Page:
Elul Meditations: 5779 ~ 2019
The arrival of the Hebrew month of Elul is a reminder that Rosh Hashanah and the month of Tishri is only one month away.
Traditionally this month of Elul serves as a time of reflection, meditation and preparation for the High Holidays. The candlelight Selichot services takes place in the middle of the month (21 Elul, September 21) and offers us the opportunity to reflect as a community.
When I was a Rabbinical student in Jerusalem, we spent the entire month delving into the ancient texts on the Holy Days in all their dimensions. It allowed us to do a “heshbon nefesh”, a deep reflection on our personal lives and our futures.
Elul is a month of spiritual intimacy. This month serves as a time to reflect upon our lives and the lives of our loved ones. It’s customary to read thought provoking stories and quotes during the month.
Throughout September our community weekly emails will include special Elul mediations with the additional readings found on this page. We encourage you to take some time to read the meditations and reflect upon your own life and your family’s life as we approach a new year together!
~ Rabbi Warren Stone
|The Shape of the Shofar
~ Rabbi Warren Stone
The spiral shape of a Shofar teaches us that we do not live life in a straight line. We spiral through our lives! Each year we return again, one year older with a new perspective on the world. In a single year not only have we changed, but so have all of our loved ones. Let us use this Elul time to reflect upon how we and our loved ones have changed this year and where we hope to go on our life journey in the future.
~ Amy Turim
|I am powerfully moved by our relationship with the animal world… often a welcome respite from humans! I see our biological connection with animals as a quality to be cherished and acknowledged with pride. It is from this link with the “lower” beasts that we have instinctive warmth, compassion, and love for each other and the world around us. Whereas the more complex, “advanced” qualities that define us as human beings often seem to be the cruder, meaner, less civilized attributes. This vignette from H.D. Thoreau’s WALDEN has been important to me since I read it in the early 1970s; I am happy to share it. In a single lovely sentence Thoreau provides us with an unmistakable awareness of what he values.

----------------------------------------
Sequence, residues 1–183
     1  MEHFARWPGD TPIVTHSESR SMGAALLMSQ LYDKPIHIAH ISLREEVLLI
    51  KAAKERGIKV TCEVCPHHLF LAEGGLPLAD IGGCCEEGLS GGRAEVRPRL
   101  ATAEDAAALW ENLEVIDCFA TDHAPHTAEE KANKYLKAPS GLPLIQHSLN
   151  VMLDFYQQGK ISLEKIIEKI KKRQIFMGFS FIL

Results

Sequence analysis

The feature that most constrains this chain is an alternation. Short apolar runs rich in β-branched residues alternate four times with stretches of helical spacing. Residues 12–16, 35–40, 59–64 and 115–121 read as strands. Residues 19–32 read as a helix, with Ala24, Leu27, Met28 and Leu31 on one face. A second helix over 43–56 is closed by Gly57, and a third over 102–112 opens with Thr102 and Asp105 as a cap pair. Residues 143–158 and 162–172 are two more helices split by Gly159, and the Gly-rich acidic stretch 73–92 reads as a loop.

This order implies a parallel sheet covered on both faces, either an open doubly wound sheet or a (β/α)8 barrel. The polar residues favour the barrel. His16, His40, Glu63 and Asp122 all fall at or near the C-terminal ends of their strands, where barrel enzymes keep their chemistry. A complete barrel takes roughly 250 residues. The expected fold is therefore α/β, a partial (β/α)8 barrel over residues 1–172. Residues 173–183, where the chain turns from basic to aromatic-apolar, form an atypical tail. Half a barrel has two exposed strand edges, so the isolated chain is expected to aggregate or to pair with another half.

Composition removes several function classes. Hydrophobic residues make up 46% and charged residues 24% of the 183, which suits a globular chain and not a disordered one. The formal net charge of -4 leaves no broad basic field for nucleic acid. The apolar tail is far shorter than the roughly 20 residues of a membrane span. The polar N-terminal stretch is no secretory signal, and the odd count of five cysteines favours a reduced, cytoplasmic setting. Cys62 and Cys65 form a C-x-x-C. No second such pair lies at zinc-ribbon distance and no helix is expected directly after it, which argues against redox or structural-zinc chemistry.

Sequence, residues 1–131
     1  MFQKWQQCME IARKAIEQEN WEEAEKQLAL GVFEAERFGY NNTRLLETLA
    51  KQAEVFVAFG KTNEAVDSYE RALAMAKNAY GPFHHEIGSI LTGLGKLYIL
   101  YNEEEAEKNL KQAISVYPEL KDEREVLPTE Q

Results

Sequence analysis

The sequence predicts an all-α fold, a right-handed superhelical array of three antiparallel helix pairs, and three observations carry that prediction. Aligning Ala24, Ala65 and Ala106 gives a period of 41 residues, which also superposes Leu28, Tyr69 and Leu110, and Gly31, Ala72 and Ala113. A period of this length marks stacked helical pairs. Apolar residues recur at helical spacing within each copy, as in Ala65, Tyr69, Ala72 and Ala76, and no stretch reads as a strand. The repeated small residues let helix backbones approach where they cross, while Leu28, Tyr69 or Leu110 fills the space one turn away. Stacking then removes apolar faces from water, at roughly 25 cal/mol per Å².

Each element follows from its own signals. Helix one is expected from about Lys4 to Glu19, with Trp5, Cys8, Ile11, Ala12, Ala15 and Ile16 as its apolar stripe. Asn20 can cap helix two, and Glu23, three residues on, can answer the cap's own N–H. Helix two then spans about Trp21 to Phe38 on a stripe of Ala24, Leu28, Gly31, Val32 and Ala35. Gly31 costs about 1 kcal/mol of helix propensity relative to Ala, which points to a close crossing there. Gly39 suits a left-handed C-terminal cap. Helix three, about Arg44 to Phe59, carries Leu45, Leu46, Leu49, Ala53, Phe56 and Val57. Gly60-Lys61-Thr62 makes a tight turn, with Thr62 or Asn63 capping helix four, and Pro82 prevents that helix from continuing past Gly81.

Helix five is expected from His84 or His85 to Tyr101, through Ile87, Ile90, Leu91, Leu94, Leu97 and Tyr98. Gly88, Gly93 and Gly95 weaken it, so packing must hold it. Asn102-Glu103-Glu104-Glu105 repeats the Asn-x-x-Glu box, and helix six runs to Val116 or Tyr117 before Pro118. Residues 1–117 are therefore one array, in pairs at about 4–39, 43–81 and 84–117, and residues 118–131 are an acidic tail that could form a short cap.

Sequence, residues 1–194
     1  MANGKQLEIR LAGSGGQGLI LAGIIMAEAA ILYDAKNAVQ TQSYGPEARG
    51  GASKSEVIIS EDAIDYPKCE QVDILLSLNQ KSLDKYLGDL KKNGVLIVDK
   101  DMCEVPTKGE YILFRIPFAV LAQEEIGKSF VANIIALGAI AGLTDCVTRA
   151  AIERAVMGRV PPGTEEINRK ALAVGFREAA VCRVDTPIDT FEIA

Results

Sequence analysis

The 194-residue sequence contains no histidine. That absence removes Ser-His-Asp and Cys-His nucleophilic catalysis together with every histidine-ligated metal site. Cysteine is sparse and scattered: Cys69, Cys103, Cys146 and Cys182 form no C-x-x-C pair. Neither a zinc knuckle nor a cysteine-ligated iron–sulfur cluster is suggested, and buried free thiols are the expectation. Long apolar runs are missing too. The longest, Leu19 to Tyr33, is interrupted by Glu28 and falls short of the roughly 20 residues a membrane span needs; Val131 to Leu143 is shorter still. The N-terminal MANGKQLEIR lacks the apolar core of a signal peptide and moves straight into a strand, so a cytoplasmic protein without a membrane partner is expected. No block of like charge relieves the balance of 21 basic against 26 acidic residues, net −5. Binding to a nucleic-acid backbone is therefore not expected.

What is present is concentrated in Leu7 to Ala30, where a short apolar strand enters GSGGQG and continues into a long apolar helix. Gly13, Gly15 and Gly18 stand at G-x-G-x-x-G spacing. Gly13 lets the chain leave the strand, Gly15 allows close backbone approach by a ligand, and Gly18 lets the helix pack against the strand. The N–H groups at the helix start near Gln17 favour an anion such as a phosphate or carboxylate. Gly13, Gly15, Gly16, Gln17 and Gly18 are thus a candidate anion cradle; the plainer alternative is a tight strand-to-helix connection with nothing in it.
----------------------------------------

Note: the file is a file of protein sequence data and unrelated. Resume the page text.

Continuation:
“I once had a sparrow alight upon my shoulder for a moment while I was hoeing in a village garden, and I felt that I was more distinguished by that circumstance than I should have been by any epaulet I could have worn.”
|Appreciating the Mysterious
~ Jessica Bernstein
|The most beautiful experience we can have is the mysterious. It is the fundamental emotion which stands at the cradle of true art and true science.” – Albert Einstein
Alan Lightman asks, “What did Einstein mean by ‘the mysterious’? . . . I believe that he meant a sense of awe, a sense that there are things larger than us, that we do not have all the answers at this moment. A sense that we can stand right at the edge between known and unknown and gaze into that cavern and be exhilarated rather than frightened.”
Nature is at the confluence of science and spirituality. Every day we are surrounded by seemingly simple things that are, in fact, awe-inspiring.
|The Monk and the Samurai
~ Bruce Katz
|One day, a huge, war-scarred samurai appeared at the door of a little monk.
“Monk!” he barked in a voice accustomed to instant obedience. “Teach me about heaven and hell!”
The monk looked up at the mighty warrior and replied with utter disdain,
“Teach you about heaven and hell? I couldn’t teach you about anything. You’re too stupid. You’re dirty. You’re a disgrace, an embarrassment to the samurai class. Get out of my sight. I can’t stand to be in the same room as you.”
Instantly, the samurai became furious. His eyes grew large, his muscles clenched. He shook, red in the face, speechless with rage. Saying nothing, he pulled out his sword and raised it in the air to slay the monk.